Making Smart Spare Parts Decisions
Managers often need to estimate the spare parts requirements for a system such as a fleet of aircraft or a set of equipment for a particular function (moving oil, producing electricity, etc.) A typical system has many components, such as motors, valves, and pumps. When those components fail, they must be replaced with spare parts before operations can continue. The question that system managers are frequently called upon to answer is: What spares are required to support the system over some future period?
Linking Annual Budgets to System Performance
To answer that question, LMI developed the ASM® sparing model, a system-oriented approach to spares management. This approach bases spares requirements explicitly on each item's effect on overall system performance, as well as the item's unit cost. The ASM® sparing model measures system performance in terms of availability — the probability that the system is not inoperative for lack of a spare. In this context, a spare's benefit is measured in terms of the projected increase in system availability gained by adding that spare to the inventory. Potential spares buys can then be ranked in terms of benefit divided by cost as a measure of the desirability of adding them to the inventory. Using this process guarantees that the spares mix produced yields the best possible availability for the dollars expended.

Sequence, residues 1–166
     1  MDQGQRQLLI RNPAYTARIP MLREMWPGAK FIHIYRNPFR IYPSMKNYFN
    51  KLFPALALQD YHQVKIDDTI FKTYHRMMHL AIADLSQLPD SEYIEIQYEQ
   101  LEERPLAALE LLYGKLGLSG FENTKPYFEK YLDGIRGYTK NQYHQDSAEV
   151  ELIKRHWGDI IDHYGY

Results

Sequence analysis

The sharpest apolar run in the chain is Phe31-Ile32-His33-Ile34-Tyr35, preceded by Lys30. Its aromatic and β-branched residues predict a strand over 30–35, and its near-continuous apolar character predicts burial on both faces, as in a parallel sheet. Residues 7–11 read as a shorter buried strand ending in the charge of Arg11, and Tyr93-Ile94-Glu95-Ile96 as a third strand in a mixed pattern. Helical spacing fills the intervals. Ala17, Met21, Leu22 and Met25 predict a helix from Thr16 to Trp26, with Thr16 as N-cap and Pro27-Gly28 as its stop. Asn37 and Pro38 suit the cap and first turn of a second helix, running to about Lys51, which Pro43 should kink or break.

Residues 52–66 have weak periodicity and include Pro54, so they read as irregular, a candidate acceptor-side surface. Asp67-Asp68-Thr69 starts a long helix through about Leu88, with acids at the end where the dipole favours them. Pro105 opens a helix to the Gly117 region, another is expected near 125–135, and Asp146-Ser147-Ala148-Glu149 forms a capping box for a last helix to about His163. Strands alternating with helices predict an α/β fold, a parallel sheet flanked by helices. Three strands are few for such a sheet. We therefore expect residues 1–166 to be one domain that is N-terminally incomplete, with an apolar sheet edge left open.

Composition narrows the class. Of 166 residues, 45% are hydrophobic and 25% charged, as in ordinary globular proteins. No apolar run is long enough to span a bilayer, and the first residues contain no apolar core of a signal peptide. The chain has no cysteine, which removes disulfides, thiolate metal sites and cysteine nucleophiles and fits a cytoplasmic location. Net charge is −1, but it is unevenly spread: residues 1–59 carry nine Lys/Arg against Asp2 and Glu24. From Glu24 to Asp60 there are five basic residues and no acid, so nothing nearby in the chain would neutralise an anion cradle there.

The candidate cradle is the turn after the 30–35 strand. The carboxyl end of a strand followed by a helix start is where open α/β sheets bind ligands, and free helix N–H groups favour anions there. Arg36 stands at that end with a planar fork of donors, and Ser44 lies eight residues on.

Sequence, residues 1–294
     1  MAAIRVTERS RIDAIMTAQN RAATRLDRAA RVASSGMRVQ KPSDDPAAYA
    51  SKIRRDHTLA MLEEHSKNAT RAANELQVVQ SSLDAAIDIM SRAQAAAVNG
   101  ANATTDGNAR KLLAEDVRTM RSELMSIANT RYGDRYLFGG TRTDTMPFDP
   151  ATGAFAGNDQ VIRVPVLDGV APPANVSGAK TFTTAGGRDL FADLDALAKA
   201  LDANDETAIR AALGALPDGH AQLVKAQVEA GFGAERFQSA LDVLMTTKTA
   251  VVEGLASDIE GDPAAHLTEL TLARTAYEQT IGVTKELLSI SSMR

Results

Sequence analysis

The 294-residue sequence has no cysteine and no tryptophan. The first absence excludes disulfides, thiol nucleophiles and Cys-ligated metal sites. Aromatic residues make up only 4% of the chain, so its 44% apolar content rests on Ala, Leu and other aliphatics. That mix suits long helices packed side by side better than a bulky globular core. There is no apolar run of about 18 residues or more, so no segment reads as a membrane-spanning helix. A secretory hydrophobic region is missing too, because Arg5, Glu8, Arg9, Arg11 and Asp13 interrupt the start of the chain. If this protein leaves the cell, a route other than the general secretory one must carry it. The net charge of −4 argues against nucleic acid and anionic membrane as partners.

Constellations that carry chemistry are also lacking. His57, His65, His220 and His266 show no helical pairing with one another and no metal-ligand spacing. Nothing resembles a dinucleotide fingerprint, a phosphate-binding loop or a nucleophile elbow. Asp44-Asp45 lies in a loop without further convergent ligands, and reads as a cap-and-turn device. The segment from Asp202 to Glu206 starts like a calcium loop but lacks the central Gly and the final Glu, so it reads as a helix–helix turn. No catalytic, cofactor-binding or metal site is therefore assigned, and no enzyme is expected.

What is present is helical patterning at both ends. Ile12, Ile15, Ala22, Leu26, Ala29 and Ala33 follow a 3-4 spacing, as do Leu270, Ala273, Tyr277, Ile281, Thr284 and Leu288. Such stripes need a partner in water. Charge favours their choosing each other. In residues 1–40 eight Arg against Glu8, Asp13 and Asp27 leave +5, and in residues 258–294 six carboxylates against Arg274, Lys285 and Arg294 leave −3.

Finding Cost Saving Opportunities
The ASM® sparing model produces a typical savings in spares inventory of 20 to 30 percent over traditional item-oriented methods. It enables supply network managers to balance logistics resources with system performance by considering the system-wide effects of sparing recommendations. Given the ASM® sparing model’s unique capabilities, LMI can tailor recommendations to expressly fit the specifics of anticipated system operations.